If an incident of hateful expression occurs in a residence


    Amass as much information as possible about the expressive act deemed hateful. Determine whether or not the message constitutes a threat of imminent lawless action (if the action is imminent and likely to occur), harassment (if unwelcome, severe, pervasive, objectively offensive, detracts from the individual’s access to their education), or if the message might be a potential hate crime (if involving vandalism, destruction of property, or other criminal activity). Coordinate with law enforcement if appropriate. When incidents of hateful expression occur, information often spreads quickly throughout the campus. If administrators do not work to fully understand the incident and inform the campus, students may be subject to inaccurate information about the incident.


    When emotions run high, it is crucial for the community to be heard. Listening to community members’ concerns in an earnest way is important. Be active, present, and visible. An immediate public response, even if only to say that residence leaders are aware, concerned, and investigating, is crucial in lessening fear and confusion after a hateful incident has occurred.


    Reach out to all relevant stakeholders (affected students, student groups, residence faculty, the diversity office) and confer with them to arrive at a response that reflects their input as much as possible, as well as the full range of responsibilities of the residence. 


    When communicating about instances of hateful speech, starting with a defense of free speech can sometimes be alienating for those who feel hurt. It is better to first characterize the hateful speech as morally offensive and only then, and as appropriate, make clear that it is nonetheless a protected form of speech. It may be appropriate to open a campus forum where students can ask questions and express their views about the incident. These forums should center the experiences of individuals directly affected by the incident.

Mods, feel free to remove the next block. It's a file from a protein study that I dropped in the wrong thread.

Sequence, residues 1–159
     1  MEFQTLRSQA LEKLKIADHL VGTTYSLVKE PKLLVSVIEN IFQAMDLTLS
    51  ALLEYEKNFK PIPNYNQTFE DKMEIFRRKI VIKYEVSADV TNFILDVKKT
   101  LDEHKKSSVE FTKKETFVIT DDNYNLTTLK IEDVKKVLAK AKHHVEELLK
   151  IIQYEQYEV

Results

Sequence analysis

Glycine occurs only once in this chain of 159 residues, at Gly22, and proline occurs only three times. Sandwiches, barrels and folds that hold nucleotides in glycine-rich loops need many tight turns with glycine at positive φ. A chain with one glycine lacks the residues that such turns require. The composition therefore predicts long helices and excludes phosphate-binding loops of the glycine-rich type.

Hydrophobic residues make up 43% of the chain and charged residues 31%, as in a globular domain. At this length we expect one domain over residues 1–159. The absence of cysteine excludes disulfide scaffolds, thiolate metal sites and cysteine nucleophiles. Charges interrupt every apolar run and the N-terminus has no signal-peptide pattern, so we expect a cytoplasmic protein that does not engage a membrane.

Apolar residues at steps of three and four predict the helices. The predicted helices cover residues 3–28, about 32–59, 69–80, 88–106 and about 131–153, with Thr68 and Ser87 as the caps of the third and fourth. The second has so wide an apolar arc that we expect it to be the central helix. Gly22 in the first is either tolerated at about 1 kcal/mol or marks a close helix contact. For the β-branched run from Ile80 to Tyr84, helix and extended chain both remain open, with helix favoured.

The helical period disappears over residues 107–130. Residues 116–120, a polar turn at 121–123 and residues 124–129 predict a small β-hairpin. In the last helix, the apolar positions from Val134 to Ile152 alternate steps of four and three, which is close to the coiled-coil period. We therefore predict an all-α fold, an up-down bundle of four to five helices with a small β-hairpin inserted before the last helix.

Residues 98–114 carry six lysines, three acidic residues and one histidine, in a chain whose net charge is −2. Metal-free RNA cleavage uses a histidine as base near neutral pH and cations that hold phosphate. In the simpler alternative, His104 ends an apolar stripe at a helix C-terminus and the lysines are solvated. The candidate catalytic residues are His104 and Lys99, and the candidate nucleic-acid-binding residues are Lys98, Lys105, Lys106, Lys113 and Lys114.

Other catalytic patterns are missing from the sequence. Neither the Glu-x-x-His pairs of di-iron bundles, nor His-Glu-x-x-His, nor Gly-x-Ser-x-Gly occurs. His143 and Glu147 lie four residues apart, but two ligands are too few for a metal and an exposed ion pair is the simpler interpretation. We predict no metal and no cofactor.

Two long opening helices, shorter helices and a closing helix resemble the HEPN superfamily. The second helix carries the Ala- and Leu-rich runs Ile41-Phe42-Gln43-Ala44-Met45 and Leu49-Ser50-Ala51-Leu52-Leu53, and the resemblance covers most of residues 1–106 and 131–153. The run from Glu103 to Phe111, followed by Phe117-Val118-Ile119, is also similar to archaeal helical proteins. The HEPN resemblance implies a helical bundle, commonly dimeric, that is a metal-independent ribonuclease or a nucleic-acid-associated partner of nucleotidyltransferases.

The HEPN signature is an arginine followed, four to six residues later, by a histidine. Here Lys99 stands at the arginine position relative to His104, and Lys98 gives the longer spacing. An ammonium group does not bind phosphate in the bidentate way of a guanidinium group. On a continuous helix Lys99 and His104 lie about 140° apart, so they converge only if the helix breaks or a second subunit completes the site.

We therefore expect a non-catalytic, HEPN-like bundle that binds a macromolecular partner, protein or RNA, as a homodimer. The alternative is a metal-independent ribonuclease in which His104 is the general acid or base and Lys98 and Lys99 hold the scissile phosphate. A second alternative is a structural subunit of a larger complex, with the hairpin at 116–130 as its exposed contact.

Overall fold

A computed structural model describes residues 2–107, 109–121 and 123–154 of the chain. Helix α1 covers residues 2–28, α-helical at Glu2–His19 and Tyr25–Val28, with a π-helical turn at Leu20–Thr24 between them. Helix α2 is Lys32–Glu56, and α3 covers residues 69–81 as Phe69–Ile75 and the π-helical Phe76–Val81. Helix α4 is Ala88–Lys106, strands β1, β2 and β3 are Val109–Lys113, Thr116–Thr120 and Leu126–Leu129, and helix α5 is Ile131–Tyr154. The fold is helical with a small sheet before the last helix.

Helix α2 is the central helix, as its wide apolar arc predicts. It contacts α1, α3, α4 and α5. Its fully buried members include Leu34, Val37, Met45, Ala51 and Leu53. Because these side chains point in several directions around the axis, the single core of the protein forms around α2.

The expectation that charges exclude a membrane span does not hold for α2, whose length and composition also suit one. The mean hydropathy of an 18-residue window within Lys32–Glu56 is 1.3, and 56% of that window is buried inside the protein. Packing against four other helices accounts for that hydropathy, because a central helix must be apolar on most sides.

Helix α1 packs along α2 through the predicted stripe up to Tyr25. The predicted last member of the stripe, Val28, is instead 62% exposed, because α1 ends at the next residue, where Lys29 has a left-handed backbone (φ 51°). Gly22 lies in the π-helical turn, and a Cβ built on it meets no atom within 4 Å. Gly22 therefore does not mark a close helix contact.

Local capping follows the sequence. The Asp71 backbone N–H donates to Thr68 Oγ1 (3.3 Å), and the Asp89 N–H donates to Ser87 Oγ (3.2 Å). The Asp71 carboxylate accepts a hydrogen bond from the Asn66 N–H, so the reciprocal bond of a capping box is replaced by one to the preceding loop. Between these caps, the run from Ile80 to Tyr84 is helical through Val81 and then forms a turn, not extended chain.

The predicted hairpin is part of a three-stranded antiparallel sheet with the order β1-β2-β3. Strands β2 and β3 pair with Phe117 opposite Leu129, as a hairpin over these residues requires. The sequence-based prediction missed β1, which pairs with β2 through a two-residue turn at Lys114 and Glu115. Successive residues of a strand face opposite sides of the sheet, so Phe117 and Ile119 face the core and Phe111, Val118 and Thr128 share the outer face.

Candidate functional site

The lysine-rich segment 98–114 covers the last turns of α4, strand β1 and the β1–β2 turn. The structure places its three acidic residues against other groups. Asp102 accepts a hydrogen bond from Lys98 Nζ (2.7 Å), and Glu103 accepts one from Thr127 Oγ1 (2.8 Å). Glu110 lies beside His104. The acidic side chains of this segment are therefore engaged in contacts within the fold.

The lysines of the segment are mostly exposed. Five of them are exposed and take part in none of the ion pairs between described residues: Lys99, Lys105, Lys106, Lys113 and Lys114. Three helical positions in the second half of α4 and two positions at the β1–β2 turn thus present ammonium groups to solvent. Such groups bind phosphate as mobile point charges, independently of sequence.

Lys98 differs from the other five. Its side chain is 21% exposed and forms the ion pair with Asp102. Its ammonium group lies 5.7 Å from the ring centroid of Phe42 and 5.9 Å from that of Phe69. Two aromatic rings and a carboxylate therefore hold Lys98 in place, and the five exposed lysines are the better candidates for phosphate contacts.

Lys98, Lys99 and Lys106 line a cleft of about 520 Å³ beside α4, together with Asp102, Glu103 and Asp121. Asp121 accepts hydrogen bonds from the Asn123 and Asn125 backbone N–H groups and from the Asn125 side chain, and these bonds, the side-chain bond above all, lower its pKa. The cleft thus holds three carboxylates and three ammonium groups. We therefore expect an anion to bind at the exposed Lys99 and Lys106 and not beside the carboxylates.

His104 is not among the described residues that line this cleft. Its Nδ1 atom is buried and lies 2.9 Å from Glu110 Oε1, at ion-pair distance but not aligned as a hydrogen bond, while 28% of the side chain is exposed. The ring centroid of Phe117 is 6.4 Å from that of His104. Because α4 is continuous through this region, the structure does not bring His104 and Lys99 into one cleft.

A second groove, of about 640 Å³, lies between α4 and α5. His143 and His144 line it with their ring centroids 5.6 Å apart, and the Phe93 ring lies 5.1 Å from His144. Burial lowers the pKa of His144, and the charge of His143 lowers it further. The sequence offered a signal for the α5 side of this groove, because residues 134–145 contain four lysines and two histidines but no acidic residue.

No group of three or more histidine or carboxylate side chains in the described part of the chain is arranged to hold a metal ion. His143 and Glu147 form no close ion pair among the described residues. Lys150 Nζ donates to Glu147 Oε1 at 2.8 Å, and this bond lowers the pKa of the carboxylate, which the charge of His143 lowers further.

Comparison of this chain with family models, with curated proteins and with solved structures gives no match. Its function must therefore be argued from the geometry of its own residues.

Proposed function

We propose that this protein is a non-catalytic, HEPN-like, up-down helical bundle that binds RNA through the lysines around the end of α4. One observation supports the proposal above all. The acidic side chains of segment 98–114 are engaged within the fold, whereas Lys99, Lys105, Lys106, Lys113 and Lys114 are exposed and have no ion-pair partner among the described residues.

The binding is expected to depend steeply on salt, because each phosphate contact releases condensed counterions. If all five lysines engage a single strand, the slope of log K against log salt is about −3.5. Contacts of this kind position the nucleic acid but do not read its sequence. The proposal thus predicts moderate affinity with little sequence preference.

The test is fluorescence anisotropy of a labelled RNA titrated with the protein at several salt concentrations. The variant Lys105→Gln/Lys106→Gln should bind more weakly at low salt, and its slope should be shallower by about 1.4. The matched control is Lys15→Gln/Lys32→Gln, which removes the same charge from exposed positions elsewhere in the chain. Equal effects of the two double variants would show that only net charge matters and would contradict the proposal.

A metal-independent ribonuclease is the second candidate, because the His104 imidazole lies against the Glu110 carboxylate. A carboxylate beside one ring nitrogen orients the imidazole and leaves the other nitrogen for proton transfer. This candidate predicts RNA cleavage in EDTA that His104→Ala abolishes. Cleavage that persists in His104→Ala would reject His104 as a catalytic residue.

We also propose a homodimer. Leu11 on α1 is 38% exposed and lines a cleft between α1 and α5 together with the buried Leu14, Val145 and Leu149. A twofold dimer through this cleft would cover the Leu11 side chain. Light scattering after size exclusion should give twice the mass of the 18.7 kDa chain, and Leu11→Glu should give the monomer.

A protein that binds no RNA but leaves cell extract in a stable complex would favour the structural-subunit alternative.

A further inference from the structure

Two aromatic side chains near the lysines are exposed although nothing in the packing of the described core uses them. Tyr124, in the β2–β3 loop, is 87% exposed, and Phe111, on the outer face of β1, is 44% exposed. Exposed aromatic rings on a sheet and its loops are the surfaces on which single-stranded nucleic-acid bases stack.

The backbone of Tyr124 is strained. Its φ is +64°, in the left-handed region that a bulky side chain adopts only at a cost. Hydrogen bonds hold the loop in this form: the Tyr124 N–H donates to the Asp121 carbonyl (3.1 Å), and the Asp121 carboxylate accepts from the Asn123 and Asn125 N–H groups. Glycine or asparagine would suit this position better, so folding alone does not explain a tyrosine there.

In messages sent out to the campus community or shared on public platforms, assert core values, such as inclusion, tolerance, and mutual respect.


    Engage in specific outreach to targeted communities and express both support for and solidarity with them. Provide them with information about campus counseling and support services, cultural centers, faculty and staff assistance, spiritual life offices, and other resources.


    Depending on the type of incident, consider whether any disciplinary measures are appropriate, in line with campus policies. For hate crimes, harassment, and any other conduct that violates the law, a disciplinary response will be warranted. 


    Even when disciplinary action is not appropriate, other responses include counseling, education, or adjusting rooming arrangements could be pursued. Residence staff should work with any relevant campus units that deal with hate or bias to consider and develop a range of ways of responding to hate in their residences.


    Create spaces for community reflection and healing. Residence staff can consider organizing opportunities for their residents to speak out against hate or larger issues or concerns that go beyond the specific incident. Any formal responses will spark conversation; be as transparent as possible and continue engaging with residents. Where possible, create a mechanism for residence staff to elevate these concerns to leaders and to other campus units.


    Establish mechanisms to review and evaluate the effectiveness of your response. Understand that coordinated responses to controversial expression involve ongoing conversation; appraisals relating to issues of inclusion or free speech are not one-time events. Instead, they are elements of a complex ongoing relationship between communities and those who lead them.

Further Reading